Since joining Visier, I’ve been thinking a lot about the value of workforce analytics. I came to this organization because in my prior life as a researcher, my core focus was HR technology adoption and the value organizations derive from it.
The above finding was obtained using aggregated data from publicly-traded survey respondents who provided financial data so we could report on their financial performance. Out of 350 organizations that participated in the study, 29 were identified as Quantified Organizations (QO) — that is, organizations that are data-driven in their decision making.
Four characteristics of quantified organizations
The 29 organizations were chosen based on their leadership in the following four areas:
1. Business intelligence (BI) process maturity
Does the organization use some form of BI or workforce analytics in a way that is effective (aligned, best practice, strategically focused) or transformational (unique, stands above others, and contributes to competitive advantage)? Organizations were scored on a five-point scale, with QO’s scoring 3.2 and showing that they are both effective and transformational in their ability to do analyses.
2. Manager access to analytics
QO’s provide managers with direct access to analytics rather than funneling it through analytics specialists. In 2014, the average manager usage for all survey respondents was 20% — QO’s had an outstanding average of 74% of their managers directly accessing business intelligence and analytics to support their decision making.
3. Data sources
Organizations with twice as many data sources are more “quantified” in their ability to juxtapose workforce data (including core HR, talent management, workforce management, financials, and operational systems) and show the impact of the workforce on business results.
4. Metrics categories
At Sierra-Cedar, we identified six metric categories that help organizations optimize their workforce, and included these in the survey questions. We found that QO’s used 50% more metrics categories than other organizations.
HR analytics improve business performance
Earlier I said that “organizations with workforce analytics outperform,” but what does “outperforming” mean exactly?
Outperformance is measured in terms of a higher Return On Equity (ROE), which quantifies an organization’s success at generating profits from every unit of shareholder equity, such as that allocated to HR technologies (including the spend on workforce analytics). A company that earns ROE in excess of its cost of equity capital has added value.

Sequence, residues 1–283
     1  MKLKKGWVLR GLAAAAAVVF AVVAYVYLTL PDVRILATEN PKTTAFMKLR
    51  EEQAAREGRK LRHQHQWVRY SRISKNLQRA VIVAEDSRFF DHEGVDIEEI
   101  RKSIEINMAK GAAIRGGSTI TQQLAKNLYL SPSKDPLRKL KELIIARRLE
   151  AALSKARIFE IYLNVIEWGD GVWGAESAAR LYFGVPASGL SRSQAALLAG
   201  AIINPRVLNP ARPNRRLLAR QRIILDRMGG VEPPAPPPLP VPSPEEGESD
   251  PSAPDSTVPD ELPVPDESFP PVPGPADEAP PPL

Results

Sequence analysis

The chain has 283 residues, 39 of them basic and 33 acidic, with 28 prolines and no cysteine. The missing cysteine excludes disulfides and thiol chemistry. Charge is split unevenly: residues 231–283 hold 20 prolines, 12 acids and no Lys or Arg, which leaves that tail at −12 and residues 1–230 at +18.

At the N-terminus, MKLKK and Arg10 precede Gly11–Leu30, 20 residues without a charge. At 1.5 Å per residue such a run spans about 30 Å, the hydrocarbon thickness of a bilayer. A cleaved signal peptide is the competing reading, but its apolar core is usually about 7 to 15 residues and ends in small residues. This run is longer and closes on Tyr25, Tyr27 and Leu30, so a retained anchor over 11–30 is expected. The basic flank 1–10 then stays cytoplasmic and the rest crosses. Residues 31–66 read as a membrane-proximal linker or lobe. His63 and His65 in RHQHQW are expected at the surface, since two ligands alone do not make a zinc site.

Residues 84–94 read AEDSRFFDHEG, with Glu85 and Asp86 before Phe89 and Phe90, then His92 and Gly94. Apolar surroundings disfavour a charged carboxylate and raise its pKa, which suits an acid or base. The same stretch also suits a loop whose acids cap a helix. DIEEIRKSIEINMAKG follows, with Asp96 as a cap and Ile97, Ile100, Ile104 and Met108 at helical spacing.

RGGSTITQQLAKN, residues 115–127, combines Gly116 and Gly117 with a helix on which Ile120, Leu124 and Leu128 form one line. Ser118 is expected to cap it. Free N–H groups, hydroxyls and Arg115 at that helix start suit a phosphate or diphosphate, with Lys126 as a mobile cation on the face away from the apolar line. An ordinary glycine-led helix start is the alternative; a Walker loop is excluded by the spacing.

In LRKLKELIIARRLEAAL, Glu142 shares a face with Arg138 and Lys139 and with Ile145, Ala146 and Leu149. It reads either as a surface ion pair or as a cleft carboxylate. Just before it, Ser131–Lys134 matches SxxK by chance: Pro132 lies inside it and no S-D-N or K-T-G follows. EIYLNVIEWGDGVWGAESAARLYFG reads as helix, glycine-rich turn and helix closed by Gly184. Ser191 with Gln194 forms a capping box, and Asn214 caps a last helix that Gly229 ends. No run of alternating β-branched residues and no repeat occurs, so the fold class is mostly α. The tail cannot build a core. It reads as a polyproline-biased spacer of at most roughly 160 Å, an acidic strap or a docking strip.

QO’s saw a 79% higher ROE than all other organizations according to the 2014-2015 survey results, suggesting that leadership in HR analytics enables outperformance.
In 2013, Bersin by Deloitte research showed that the stock prices of companies with high impact talent analytics outperformed their peers by 30% over the previous three years.
Also in 2013, the CEB Analytics Survey found that organizations moving from median to leadership in workforce analytics improved their talent outcomes by 12%, leading to a 4% improvement in gross profit margin. This translates into $12.8 million in savings for every $1 billion in revenue!
I believe that Visier customers are also outperforming other organizations and achieving competitive advantage as a result of their early adoption into workforce intelligence solutions (which support both HR analytics and strategic workforce planning).
Is it time for you to buy in?
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Perhaps. Perhaps not.
When we look at market adoption, we’re still in the early days for this technology, but this will not be the case for long.
Innovators and early adopters implicitly understand that analytics provide a strong competitive advantage. But for the next set of adopters — the early majority — what arguments will help them make their business case for buying a workforce intelligence solution?
From Visier’s standpoint, we can share stories such as:
- A financial organization with 2,000 employees (the result of a merger) used workforce analytics to lower employee turnover and save $500,000 via reduced recruiting and training costs and lost productivity as new hires come up to speed.
- A professional services organization saved millions by pulling levers of pay and skill enhancement to get the right set of talent on its contracts and improved its margins.
I’d love to hear your opinions on this subject. Connect with me on Twitter.
This article originally appeared on the Visier blog.